Since taking up my post in Manchester, I have also broadened my research focus to include investigations of the impact of maternal nutritional status and stress on placental development and function. These are major influences on fetal growth and developmental programming and our work explores the mechanisms involved in glucocorticoid-mediated growth restriction using animal models and human placental tissue. Much of the research into nutritional status revolves around teenage pregnancy, due to their increased risk of poor pregnancy outcome and their susceptibility for low nutritional status. We have shown that teenagers have inherently low placental function, confirming a biological susceptibility related to young maternal age. This is exacerbated in those teenagers with poor nutritional status and we are exploring epigenetic mechanisms. We are now extending these studies to examine the effect of advanced maternal age, as older mothers are also more likely to suffer pregnancy complications, particularly stillbirth. This provides the opportunity for more clinically-relevant research with clear translational potential.
 

Research interests

My current research focuses on maternal and fetal interactions during pregnancy. I was originally employed at the University of Manchester as a link lecturer with Professor John Challis at the University of Toronto, with a brief to bring together research projects in Manchester and Toronto on the theme of developmental programming. I have therefore developed a portfolio of research projects to examine how the maternal environment shapes the development and function of the placenta, and thereby affects the health and timely delivery of the infant.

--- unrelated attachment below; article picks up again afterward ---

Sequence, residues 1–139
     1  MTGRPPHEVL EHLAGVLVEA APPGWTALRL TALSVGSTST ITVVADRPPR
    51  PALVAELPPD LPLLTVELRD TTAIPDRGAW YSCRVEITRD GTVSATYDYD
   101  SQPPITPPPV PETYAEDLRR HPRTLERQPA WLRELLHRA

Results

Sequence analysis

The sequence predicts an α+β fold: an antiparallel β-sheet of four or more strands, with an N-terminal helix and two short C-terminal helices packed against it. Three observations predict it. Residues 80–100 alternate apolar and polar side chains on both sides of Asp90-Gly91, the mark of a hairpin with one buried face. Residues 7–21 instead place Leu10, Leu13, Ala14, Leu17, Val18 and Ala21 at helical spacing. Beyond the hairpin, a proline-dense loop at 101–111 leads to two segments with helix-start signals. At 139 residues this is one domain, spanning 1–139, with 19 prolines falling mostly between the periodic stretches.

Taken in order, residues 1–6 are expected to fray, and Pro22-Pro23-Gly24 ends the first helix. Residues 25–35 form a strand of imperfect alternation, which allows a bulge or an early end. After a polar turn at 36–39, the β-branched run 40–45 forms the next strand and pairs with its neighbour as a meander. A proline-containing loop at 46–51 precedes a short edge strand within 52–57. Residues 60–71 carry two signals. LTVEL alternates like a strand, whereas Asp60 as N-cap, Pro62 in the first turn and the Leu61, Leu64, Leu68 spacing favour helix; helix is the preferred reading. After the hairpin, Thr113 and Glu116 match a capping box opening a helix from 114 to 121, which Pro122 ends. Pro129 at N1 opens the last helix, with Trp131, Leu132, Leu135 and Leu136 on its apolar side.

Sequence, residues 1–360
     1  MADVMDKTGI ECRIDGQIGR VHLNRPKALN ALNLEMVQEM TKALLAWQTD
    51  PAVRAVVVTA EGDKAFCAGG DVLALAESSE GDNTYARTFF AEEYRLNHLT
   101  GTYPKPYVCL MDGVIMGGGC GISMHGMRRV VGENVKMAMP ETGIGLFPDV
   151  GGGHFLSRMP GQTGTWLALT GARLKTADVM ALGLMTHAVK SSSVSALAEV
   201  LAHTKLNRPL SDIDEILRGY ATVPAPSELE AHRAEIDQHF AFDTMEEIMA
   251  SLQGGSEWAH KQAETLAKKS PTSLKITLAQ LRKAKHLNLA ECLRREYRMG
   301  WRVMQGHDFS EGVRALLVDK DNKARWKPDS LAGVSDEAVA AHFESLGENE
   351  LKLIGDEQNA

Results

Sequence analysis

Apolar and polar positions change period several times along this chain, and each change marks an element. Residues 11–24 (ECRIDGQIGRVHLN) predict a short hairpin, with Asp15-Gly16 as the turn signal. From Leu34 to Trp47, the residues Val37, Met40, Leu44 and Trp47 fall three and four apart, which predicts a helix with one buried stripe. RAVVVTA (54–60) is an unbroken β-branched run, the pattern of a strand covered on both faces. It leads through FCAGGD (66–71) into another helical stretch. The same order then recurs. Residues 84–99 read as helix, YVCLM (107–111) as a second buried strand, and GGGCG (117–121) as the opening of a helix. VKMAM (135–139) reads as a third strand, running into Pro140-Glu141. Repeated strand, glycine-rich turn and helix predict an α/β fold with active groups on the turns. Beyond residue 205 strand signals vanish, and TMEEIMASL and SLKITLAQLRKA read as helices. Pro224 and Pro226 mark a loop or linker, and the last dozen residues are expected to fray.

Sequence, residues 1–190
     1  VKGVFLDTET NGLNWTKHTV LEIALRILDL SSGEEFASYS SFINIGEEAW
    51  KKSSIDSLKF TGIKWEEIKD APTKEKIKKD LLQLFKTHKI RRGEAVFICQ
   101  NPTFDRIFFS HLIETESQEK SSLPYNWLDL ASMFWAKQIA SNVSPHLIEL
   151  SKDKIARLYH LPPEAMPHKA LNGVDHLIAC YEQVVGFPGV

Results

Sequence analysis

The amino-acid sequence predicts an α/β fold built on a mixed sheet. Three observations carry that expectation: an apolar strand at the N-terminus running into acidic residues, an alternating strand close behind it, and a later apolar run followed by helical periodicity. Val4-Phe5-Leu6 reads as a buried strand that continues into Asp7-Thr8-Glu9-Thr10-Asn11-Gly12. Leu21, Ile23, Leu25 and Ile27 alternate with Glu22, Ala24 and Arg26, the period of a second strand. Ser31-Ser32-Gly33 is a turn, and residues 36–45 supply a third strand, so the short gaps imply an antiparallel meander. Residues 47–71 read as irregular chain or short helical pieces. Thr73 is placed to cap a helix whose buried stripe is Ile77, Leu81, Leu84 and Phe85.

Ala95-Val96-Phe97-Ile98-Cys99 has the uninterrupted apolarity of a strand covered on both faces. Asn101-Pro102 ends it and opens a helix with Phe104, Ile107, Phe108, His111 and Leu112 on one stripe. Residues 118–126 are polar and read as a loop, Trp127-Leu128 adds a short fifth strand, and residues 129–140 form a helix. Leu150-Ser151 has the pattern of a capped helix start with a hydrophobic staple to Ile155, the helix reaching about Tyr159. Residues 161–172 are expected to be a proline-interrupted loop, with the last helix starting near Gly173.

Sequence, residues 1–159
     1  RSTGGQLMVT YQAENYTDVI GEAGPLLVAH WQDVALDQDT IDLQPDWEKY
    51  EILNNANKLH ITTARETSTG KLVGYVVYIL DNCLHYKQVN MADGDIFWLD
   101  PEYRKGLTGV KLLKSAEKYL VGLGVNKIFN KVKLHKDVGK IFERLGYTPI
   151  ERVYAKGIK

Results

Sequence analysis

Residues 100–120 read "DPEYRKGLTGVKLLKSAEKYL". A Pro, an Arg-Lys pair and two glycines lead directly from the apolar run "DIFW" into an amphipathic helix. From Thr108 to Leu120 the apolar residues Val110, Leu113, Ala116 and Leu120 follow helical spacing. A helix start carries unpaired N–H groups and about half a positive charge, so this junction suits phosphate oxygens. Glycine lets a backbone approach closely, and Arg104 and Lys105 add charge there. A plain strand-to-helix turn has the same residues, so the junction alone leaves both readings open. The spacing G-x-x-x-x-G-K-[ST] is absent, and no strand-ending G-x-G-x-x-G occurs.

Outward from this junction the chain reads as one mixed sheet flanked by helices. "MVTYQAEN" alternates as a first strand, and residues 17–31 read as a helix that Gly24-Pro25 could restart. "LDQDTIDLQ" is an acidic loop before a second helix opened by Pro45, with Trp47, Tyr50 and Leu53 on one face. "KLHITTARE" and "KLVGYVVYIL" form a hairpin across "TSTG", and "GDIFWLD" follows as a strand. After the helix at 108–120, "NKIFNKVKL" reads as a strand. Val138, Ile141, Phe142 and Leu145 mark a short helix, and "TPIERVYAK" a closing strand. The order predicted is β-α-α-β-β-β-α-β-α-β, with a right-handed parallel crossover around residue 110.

Many pregnancy pathologies have their origins in early pregnancy, and my previous research has contributed to our understanding of the essential preparatory events within uterine decidua for embryo implantation and placentation. One particular focus has been investigating the regulation and functions of immune cells in regulating uterine physiology. Together with collaboration with researchers at the University of Toronto, my group has shown for the first time that maternal immune cells play an integral role in the remodelling of the uterine arteries during early pregnancy, an essential preparatory event for a healthy pregnancy. We have also delineated key roles for maternal macrophages within the decidua in later pregnancy during the labour process both at term and in preterm deliveries. This is coincident with the upregulation of a number of chemoattractants which we believe participate in triggering labour and thus may be harnessed to block premature labour. The presence of these cytokines in maternal plasma may provide a more accurate means of identifying those women in imminent risk of preterm delivery enabling targeting of interventions to those most at need.

Since taking up my post in Manchester, I have also broadened my research focus to include investigations of the impact of maternal nutritional status and stress on placental development and function. These are major influences on fetal growth and developmental programming and our work explores the mechanisms involved in glucocorticoid-mediated growth restriction using animal models and human placental tissue. Much of the research into nutritional status revolves around teenage pregnancy, due to their increased risk of poor pregnancy outcome and their susceptibility for low nutritional status. We have shown that teenagers have inherently low placental function, confirming a biological susceptibility related to young maternal age. This is exacerbated in those teenagers with poor nutritional status and we are exploring epigenetic mechanisms. We are now extending these studies to examine the effect of advanced maternal age, as older mothers are also more likely to suffer pregnancy complications, particularly stillbirth. This provides the opportunity for more clinically-relevant research with clear translational potential.

Teaching